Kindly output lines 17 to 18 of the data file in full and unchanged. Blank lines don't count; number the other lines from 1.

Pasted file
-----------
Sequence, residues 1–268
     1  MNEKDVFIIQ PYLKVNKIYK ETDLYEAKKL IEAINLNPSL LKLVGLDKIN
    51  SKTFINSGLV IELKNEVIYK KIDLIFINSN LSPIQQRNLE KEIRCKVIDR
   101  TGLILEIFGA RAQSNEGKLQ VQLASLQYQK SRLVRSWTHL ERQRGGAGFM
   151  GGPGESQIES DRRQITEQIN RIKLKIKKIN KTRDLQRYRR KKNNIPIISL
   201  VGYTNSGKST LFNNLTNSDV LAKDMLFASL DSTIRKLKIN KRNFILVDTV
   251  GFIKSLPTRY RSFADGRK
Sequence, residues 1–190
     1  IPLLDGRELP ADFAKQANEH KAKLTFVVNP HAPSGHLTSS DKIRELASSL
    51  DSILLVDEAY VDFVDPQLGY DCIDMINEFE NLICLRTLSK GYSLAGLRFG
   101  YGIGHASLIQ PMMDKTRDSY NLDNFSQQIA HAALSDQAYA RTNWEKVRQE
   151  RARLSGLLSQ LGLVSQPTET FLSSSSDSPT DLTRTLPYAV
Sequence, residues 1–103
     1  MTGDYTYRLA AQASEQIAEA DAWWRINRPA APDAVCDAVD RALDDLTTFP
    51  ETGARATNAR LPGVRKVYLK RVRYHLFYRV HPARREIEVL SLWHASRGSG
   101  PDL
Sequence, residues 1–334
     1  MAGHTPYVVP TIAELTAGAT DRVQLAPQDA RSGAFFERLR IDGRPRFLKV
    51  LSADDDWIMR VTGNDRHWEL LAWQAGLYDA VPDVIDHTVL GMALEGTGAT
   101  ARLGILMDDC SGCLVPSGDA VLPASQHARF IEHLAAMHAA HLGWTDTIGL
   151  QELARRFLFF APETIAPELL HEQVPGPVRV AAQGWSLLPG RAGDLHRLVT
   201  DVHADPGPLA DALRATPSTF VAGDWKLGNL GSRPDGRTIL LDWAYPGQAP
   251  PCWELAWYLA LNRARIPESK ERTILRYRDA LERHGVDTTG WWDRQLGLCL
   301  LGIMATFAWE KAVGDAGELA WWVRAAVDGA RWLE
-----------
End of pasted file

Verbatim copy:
Sequence, residues 1–334
     1  MAGHTPYVVP TIAELTAGAT DRVQLAPQDA RSGAFFERLR IDGRPRFLKV